Saturday, January 22, 2011

The Morris Theorem and Beyond

Ian Morris presents an entertaining, informative, and in some ways provocative interpretation of the past several millennia of human history, recent stuff in the grand scheme of things. I finished his new book on the subject last week. It is well worth the read even though I don’t agree with Professor Morris on some key points.

His metaphysical narrative can be simplistically summarized as follows: the driving force in human history is the unique capacity for the social development of our species. Chiefly, our species has adapted and mastered its environment through “the Morris Theorem”. Morris writes: “Greedy, lazy, and frightened people seek their own preferred balance among being comfortable, working as little as possible, and being safe.” (page 28)

In conjunction with these three forces in human history there must be mixed other hyper-factors beyond the effects of direct social development; namely, famine, migration, disease, and climate change. These factors, working chaotically but sometimes simultaneously, essentially transform the physical “geography” (Morris’ term) in which social development takes place on Earth.

From this distilled perspective there is much to admire and commend. Certainly, history can be viewed in this way, though it is obviously a prejudiced perspective filled with its own easily accepted assumptions about truth. In this way it is most like every human perspective on Being. Nevertheless, I find what Morris has to say thought-provoking.

As we saw in my January 9 post, Morris believes all these factors (plus Genghis Khan) blended together to change the human geography of China just at the critical time when it was about to express the First Industrial Revolution. Instead, Chinese social development was stunted for a few centuries and the “backward” West eventually experienced the Revolution, resulting in the world’s first global consumer culture about 1750. London was the center of the human universe.

The tale is a fascinating one for me, based largely on archeological and written evidence. Morris doesn’t offer much in the way of interpretation beyond what I mention above. The actual unfolding of events, of moments of famine, disease, climate change, and migration as humanity continued to rise to higher levels of greed, fear and laziness are more or less historical facts. You might not agree with the way Morris frames events but all these events did happen. He mentions the near simultaneous spread of Christianity in the West mirrored by China’s adoption of Buddhism, for example. This happened.

Among these forces and facts, the one that perhaps surprised me most was the frequency of climate change over the last 12,000 years and, in particular, the last 3,000 years or so. The climate rarely stays steady for more than 6 or 7 centuries at most. Change is not slow nor is it rare. This is, perhaps, a paradigm changing fact for me in consideration of global warming, though we are currently experiencing greater global warmth than at any time in the last 1,000 years. Climate variability happens frequently though it seems both slow and rare among a given series of human generations.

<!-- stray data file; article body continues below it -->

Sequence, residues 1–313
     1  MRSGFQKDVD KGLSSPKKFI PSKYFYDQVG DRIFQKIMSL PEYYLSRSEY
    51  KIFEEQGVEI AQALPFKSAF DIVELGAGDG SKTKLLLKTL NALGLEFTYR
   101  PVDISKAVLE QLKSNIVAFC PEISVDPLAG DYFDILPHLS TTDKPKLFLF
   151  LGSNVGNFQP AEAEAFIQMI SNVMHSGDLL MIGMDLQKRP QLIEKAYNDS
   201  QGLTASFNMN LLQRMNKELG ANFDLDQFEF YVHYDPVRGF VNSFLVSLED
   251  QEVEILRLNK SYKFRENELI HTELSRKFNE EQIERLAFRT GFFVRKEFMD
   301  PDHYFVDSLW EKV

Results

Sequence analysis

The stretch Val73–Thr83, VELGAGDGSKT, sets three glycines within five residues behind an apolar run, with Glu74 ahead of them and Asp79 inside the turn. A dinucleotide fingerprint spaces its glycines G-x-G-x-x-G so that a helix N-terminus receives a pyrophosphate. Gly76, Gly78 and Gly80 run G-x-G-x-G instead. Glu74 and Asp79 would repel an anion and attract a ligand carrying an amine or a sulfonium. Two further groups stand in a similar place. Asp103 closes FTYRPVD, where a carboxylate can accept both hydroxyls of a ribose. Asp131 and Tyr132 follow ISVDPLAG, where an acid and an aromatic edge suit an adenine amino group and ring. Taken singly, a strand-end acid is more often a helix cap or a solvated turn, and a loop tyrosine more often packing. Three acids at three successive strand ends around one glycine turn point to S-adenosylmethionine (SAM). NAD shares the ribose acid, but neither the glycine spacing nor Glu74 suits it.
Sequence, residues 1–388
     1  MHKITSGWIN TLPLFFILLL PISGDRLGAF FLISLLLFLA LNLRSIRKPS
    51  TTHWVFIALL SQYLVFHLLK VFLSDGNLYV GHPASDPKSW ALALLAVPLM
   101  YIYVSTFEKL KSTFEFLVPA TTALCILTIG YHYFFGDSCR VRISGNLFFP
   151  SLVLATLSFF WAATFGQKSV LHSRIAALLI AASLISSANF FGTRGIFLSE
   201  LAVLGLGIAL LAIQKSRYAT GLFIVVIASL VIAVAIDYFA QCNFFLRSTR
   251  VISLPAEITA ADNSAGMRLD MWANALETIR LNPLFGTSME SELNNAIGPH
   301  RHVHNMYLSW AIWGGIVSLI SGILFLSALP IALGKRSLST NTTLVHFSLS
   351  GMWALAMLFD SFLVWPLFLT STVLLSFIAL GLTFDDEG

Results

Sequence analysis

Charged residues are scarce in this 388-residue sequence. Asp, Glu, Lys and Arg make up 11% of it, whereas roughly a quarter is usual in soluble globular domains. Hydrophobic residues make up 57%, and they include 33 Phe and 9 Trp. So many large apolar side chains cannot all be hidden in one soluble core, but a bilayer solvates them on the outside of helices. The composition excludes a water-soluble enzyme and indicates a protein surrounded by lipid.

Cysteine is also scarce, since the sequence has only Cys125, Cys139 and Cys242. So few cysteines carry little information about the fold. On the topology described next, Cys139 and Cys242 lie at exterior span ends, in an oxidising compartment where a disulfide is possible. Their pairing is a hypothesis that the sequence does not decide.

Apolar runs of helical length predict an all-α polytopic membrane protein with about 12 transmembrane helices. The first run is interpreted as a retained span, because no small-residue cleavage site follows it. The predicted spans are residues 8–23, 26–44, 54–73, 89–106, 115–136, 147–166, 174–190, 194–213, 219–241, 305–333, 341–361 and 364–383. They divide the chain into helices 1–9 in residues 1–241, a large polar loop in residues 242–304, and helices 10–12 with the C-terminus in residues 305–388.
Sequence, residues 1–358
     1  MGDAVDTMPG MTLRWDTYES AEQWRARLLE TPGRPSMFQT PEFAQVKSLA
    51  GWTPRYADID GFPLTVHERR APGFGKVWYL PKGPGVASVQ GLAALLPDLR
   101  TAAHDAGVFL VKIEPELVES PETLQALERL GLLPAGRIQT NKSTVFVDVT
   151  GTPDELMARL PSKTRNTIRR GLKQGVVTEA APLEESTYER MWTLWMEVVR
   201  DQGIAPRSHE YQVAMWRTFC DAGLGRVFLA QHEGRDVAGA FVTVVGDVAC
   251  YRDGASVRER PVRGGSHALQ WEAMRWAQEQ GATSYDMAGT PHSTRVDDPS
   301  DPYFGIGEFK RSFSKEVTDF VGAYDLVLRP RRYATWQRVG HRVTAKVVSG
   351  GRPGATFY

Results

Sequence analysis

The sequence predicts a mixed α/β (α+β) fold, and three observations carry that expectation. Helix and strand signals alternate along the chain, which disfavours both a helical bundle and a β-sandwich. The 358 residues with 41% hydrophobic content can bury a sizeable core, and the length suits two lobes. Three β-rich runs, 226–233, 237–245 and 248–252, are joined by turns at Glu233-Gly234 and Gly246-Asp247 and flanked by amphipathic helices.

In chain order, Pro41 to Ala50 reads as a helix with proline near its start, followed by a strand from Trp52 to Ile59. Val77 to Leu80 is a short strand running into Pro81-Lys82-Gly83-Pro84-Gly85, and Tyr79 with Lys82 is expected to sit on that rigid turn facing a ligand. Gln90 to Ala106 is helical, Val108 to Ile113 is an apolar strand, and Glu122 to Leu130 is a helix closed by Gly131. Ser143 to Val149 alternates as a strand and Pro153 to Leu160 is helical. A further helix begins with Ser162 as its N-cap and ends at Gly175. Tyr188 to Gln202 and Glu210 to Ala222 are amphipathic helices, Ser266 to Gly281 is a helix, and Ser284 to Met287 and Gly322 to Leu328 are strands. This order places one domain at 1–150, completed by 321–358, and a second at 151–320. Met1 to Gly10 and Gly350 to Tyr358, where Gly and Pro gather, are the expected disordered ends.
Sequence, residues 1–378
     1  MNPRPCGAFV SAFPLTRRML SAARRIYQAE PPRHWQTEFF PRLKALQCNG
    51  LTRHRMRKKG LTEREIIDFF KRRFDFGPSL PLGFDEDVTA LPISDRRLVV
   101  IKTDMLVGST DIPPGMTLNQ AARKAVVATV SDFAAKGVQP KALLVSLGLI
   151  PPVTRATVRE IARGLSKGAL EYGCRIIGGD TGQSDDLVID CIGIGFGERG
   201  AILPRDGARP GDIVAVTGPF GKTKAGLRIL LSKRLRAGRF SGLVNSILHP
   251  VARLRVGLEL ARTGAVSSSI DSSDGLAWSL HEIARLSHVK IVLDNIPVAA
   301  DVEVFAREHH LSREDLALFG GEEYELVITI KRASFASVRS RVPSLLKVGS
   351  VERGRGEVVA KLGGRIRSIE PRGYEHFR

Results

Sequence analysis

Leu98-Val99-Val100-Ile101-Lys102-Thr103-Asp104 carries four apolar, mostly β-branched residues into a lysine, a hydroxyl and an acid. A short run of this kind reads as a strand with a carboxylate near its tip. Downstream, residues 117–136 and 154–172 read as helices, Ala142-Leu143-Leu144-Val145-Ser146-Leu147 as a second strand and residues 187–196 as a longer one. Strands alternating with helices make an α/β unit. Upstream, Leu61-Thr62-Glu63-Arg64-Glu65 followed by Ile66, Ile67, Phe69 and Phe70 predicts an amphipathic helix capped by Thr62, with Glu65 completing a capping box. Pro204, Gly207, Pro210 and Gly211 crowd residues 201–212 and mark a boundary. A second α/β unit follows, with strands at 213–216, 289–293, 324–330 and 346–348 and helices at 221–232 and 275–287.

The other thing that grabbed me about this book was its conclusion. For years I have had an interest in something called The Singularity. I was motivated to study and apply some longevity techniques over the last 12 years or so of my life because of an intense faith I recently held that The Singularity would occur in my old age. Morris puts the date all over the place but 2045 is one year thrown around. I have seen some guesses are as early as 2030. Unfortunately, I now consider these predictions too optimistic, if The Singularity is even possible. Obviously this is just a faith. Nevertheless, I’ll continue with my longevity approach to health. What harm can it do? Maybe I still believe.

I will be 86 in 2045, if I can live that long. I hope to be in reasonably decent health (but for the inevitable aches and pains and other minor deteriorations perhaps) with a sound mind. But that’s a crap shoot, obviously. My grandparents and their parents mostly died in their late-eighties. There were some exceptions. The ones that managed to live longer had unclear minds toward the end, so perhaps that is my fate too. I’m doing the best I can. At any rate, should The Singularity occur then I want to have slowed down my aging process as much as possible. So, my memories and experiences can be uploaded into a digital housing. At that point I will have entered a posthuman world.

This sounds like science fiction, but there is a tremendous amont of actual science devoted to The Singularity. Whether it happens or not, however, I was shocked to find Morris writing about it as one possible future course for humanity. This book is academically written and its approach is far more traditional than some of its “fringe” perspectives might suggest. But, in the end, Morris goes for the extremes and that makes him provoking and entertaining in that regard.

The book contrasts the possibility of The Singularity with Nightfall, so named after a great short story by Isaac Asimov. Nightfall is “a cataclysm that overwhelms all responses, destroying civilization and hurling humanity back to square one.” (page 577) Morris mentions our still very real capacity for nuclear self-destruction as an example. But, equally, the human capacity for war in general is an argument for Nightfall. What if al Qaeda had the bomb?